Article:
How can I distinguish between high- and low-performance cores/threads in C++?

C++MultithreadingPerformanceIntelApple M1

C++ Problem Overview

When talking about multi-threading, it often seems like threads are treated as equal - just the same as the main thread, but running next to it.

On some new processors, however, such as the Apple "M" series and the upcoming Intel Alder Lake series not all threads are equally as performant as these chips feature separate high-performance cores and high-efficiency, slower cores.

It’s not to say that there weren’t already things such as hyper-threading, but this seems to have a much larger performance implication.

Is there a way to query std::thread‘s properties and enforce on which cores they’ll run in C++?

C++ Solutions

Solution 1 - C++

> How to distinguish between high- and low-performance cores/threads in C++?

Please understand that "thread" is an abstraction of the hardware's capabilities and that something beyond your control (the OS, the kernel's scheduler) is responsible for creating and managing this abstraction. "Importance" and performance hints are part of that abstraction (typically presented in the form of a thread priority).

Any attempt to break the "thread" abstraction (e.g. determine if the core is a low-performance or high-performance core) is misguided. E.g. OS could change your thread to a low performance core immediately after you find out that you were running on a high performance core, leading you to assume that you're on a high performance core when you are not.

Even pinning your thread to a specific core (in the hope that it'll always be using a high-performance core) can/will backfire (cause you to get less work done because you've prevented yourself from using a "faster than nothing" low-performance core when high-performance core/s are busy doing other work).

The biggest problem is that C++ creates a worse abstraction (std::thread) on top of the "likely better" abstraction provided by the OS. Specifically, there's no way to set, modify or obtain the thread priority using std::thread; so you're left without any control over the "performance hints" that are necessary (for the OS, scheduler) to make good "load vs. performance vs. power management" decisions.

> When talking about multi-threading, it often seems like threads are treated as equal

Often people think we're still using time-sharing systems from the 1960s. Stop listening to these fools. Modern systems do not allow CPU time to be wasted on unimportant work while more important work waits. Effective use of thread priorities is a fundamental performance requirement. Everything else ("load vs. performance vs. power management" decisions) is, by necessity, beyond your control (on the other side of the "thread" abstraction you're using).

Solution 2 - C++

> Is there any way to query std::thread‘s properties and enforce on which cores they’ll run in C++?

No. There is no standard API for this in C++.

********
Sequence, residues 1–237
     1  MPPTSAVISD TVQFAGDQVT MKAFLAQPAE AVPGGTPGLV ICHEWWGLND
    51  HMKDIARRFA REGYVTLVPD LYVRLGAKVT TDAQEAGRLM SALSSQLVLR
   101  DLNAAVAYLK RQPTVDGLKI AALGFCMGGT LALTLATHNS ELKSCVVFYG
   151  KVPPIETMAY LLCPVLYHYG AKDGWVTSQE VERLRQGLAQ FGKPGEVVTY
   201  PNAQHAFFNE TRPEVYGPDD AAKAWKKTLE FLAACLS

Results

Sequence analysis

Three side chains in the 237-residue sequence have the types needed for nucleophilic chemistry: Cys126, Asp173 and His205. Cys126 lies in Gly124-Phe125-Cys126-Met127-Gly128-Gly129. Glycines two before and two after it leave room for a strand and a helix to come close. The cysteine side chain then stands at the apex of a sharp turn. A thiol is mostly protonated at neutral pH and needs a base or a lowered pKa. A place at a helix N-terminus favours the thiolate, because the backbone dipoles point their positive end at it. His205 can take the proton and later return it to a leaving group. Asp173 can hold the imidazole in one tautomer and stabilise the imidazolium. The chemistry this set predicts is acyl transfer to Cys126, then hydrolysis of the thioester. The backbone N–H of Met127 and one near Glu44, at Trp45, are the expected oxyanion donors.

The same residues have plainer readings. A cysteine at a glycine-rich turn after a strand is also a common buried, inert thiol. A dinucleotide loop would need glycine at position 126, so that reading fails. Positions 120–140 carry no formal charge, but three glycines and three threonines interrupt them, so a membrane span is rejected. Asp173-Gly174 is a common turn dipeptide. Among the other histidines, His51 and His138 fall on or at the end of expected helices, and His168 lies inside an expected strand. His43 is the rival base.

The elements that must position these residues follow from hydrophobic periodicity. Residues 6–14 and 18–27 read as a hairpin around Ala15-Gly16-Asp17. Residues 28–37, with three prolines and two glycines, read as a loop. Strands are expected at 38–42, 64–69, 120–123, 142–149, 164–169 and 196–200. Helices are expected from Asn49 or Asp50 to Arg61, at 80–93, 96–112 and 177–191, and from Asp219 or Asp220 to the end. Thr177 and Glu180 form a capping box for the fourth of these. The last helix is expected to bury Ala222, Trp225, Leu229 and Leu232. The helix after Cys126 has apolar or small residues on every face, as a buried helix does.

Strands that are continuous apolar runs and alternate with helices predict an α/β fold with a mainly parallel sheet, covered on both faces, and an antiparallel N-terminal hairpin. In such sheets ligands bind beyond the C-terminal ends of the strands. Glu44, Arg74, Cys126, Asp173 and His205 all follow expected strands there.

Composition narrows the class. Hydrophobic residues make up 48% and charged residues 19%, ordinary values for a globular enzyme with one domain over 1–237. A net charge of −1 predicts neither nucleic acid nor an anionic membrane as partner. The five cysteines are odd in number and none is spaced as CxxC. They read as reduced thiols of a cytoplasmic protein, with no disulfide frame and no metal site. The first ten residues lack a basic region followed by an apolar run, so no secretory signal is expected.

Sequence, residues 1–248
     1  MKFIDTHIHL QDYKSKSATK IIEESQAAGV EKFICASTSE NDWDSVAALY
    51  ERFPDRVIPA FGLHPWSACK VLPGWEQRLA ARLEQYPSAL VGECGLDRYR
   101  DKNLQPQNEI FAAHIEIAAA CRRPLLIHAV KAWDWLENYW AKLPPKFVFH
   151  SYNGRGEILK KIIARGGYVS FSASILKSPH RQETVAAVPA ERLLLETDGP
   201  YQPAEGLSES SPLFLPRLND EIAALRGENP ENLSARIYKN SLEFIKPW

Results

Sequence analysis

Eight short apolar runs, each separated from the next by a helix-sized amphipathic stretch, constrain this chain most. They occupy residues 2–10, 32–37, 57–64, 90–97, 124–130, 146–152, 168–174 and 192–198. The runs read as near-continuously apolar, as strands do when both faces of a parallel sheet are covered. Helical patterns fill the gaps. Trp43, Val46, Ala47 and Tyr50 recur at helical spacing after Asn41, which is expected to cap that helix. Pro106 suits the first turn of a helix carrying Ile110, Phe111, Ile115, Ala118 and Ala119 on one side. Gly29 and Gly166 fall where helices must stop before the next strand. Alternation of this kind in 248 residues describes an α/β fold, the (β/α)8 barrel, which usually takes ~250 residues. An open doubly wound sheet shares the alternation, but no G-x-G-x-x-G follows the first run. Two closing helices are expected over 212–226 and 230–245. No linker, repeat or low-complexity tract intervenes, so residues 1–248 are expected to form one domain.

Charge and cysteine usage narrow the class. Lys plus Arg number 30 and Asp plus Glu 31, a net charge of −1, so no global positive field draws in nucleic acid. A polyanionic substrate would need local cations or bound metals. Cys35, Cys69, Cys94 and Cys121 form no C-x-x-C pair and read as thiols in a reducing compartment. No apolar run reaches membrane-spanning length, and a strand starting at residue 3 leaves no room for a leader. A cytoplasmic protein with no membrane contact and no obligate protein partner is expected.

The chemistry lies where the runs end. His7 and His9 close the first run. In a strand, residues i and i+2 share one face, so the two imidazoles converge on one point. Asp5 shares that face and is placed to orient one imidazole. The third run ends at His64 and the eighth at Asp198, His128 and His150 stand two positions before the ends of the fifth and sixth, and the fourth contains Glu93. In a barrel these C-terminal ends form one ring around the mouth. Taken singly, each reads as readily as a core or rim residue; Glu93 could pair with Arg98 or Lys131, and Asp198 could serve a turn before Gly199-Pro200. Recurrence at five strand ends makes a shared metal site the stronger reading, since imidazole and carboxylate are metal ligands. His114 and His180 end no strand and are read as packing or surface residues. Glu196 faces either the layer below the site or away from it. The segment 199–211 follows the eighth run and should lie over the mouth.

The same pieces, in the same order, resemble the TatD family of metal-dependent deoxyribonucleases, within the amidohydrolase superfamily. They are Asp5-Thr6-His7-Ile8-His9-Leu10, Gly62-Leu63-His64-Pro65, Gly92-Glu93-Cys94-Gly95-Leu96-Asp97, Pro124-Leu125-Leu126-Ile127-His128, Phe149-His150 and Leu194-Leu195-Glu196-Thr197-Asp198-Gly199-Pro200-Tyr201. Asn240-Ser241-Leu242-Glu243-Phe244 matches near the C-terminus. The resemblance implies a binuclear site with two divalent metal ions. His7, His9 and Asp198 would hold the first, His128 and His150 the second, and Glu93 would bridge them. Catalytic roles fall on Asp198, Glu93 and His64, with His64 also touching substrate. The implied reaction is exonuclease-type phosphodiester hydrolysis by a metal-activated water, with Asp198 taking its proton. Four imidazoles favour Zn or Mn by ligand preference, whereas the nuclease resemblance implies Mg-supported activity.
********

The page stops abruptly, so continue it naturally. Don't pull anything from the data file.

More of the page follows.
Platform-specific APIs do have the ability to specify a specific logical core (or a set of such cores) for a software thread. For example, GNU has pthread_setaffinity_np.

Note that this allows you to specify "core 1" for your thread, but that doesn't necessarily help with getting the "performance" core unless you know which core that is. To figure that out, you may need to go below OS level and into CPU-specific assembly programming. In the case of Intel to my understanding, you would use the Enhanced Hardware Feedback Interface.

Solution 3 - C++

No, the C++ standard library has no direct way to query the sub-type of CPU, or state you want a thread to run on a specific CPU.

But std::thread (and jthread) does have .native_handle(), which on most platforms will let you do this.

If you know the threading library implementation of your std::thread, you can use native_handle() to get at the underlying primitives, then use the underlying threading library to do this kind of low-level work.

This will be completely non-portable, of course.

Solution 4 - C++

iPhones, iPads, and newer Macs have high- and low-performance cores for a reason. The low-performance cores allow some reasonable amount of work to be done while using the smallest possible amount of energy, making the battery of the device last longer. These additional cores are not there just for fun; if you try to get around them, you can end up with a much worse experience for the user.

If you use the C++ standard library for running multiple threads, the operating system will detect what you are doing, and act accordingly. If your task only takes 10ms on a high-performance core, it will be moved to a low-performance core; it's fast enough and saves battery life. If you have multiple threads using 100% of the CPU time, the high-performance cores will be used automatically (plus the low-performance cores as well). If your battery runs low, the device can switch to all low-performance cores which will get more work done with the battery charge you have.

You should really think about what you want to do. You should put the needs of the user ahead of your perceived needs. Apart from that, Apple recommends assigning OS-specific priorities to your threads, which improves behaviour if you do it right. Giving a thread the highest priority so you can get better benchmark results is usually not "doing it right".

Solution 5 - C++

You can't select the core that a thread will be physically scheduled to run on using std::thread. See here for more. I'd suggest using a framework like OpenMP, MPI, or you will have dig into the native Mac OS APIs to select the core for your thread to execute on.


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